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Plans for the Melbourne Metro rail tunnel have been dusted off and relaunched after years of inaction on what could be the state's largest public transport project.
Immediate funding of $40 million has been made available by the Andrews government to begin planning the twin rail tunnel through Melbourne's CBD with five new stations.
But the project ultimately remains dependent on billions of dollars in federal funding, with Premier Daniel Andrews conceding he was no closer to securing any Canberra cash for Melbourne Metro from Prime Minister Tony Abbott, who rejects a federal role for funding urban rail.
Nevertheless, a tentative opening date of 2026 was given for the project, with construction expected to begin in 2018.
Mr Andrews said the Melbourne Metro project would give Melbourne a public transport network equal to those in cities such as New York, London, Paris and Hong Kong.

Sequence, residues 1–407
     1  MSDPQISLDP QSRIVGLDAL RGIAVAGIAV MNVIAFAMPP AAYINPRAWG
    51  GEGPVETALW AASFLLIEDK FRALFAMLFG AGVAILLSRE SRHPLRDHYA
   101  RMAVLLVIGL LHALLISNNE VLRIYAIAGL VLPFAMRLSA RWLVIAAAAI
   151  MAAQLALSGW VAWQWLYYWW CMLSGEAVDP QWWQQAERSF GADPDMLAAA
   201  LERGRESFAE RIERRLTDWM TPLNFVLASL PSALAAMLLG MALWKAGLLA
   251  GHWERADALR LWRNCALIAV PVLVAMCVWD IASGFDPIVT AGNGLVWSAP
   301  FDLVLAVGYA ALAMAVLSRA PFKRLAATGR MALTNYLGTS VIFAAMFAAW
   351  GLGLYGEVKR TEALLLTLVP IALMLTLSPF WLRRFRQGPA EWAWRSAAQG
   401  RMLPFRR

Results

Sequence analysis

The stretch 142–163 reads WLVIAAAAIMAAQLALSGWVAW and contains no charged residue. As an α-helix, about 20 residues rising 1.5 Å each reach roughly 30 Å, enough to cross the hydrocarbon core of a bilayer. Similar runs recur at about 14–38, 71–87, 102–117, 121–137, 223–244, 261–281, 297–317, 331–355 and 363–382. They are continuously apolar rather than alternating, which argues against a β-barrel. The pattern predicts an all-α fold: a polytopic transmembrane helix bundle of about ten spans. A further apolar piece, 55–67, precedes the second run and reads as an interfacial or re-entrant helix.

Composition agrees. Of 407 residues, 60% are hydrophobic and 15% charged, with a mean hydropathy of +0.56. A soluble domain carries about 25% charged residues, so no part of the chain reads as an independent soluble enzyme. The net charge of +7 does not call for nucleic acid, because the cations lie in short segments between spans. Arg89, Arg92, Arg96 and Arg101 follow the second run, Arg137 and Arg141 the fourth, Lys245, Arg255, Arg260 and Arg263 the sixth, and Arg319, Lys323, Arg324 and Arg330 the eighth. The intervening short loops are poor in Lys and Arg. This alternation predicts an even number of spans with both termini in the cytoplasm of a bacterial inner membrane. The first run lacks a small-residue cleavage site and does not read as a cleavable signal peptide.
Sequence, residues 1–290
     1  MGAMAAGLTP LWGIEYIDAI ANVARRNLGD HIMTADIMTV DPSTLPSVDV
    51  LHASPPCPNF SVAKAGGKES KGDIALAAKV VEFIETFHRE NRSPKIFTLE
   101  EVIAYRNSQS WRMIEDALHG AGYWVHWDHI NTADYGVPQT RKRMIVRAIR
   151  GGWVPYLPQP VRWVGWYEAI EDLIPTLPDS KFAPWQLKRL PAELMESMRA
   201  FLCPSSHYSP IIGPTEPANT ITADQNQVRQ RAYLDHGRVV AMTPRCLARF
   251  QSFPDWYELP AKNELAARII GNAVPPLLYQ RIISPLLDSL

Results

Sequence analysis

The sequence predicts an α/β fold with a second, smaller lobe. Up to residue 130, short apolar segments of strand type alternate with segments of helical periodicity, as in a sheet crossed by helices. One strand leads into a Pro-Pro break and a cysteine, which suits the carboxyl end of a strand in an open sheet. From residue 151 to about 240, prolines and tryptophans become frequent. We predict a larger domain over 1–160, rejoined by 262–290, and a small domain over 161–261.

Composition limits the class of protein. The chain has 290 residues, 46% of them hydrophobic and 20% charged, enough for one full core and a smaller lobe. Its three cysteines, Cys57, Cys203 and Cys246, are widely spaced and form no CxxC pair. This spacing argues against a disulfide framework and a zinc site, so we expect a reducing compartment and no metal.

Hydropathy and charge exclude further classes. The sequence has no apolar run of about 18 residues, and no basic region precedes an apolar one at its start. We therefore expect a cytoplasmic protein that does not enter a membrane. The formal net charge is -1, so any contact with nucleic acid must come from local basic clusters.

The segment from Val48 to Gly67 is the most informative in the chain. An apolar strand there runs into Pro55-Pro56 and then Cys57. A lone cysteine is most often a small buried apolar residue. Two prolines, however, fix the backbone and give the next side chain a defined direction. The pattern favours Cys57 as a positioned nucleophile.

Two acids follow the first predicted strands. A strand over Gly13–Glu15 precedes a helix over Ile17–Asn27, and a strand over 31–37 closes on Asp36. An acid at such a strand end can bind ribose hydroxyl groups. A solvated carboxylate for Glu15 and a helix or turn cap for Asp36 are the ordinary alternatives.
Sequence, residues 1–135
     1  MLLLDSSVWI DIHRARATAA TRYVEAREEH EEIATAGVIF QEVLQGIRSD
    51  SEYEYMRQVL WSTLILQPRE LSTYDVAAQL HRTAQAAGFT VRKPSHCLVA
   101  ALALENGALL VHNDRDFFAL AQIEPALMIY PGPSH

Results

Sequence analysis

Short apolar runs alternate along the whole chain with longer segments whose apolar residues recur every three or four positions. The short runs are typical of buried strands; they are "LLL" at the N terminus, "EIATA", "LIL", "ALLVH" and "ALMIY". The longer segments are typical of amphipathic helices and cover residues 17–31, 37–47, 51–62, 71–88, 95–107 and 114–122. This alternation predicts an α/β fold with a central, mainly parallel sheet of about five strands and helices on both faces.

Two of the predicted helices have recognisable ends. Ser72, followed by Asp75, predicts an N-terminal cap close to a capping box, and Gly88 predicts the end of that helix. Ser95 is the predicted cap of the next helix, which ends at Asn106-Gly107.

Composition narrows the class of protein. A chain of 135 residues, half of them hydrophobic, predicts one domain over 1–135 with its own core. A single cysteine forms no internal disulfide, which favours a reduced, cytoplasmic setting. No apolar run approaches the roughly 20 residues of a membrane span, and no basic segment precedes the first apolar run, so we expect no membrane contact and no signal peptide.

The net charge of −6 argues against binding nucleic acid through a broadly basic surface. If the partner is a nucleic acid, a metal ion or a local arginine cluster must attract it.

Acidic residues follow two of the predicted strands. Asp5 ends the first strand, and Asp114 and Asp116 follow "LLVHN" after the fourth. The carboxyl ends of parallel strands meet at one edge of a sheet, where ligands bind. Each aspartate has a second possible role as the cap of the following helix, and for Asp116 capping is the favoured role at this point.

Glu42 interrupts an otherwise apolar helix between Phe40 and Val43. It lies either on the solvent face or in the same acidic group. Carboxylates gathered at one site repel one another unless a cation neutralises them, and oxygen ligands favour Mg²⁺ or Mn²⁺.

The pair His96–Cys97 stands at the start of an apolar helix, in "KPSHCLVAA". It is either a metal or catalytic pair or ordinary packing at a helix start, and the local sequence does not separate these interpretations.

He promised the government would release the business case for Melbourne Metro in full.
"The business case will be made public, we are absolutely determined to make sure there is as much transparency," Mr Andrews said.
He reiterated the government's position that the tunnel, estimated to cost between $9 billion and $11 billion, would be paid for by a mix of one third state funds, one third from Canberra and a third from the private sector.
The $40 million funding was brought forward from $300 million Labor has already committed to the project in its first budget, and will be used to establish the Melbourne Metro Rail Authority.
A map of Melbourne Metro released on Monday shows the rail tunnel would have five stations, as originally conceived, and run along the length of Swanston Street.
The anticipated disruption of about two years to Swanston Street was one of the key reasons former premier Denis Napthine gave for scrapping the Melbourne Metro project during the last term of government.
This article first appeared on www.theage.com.au
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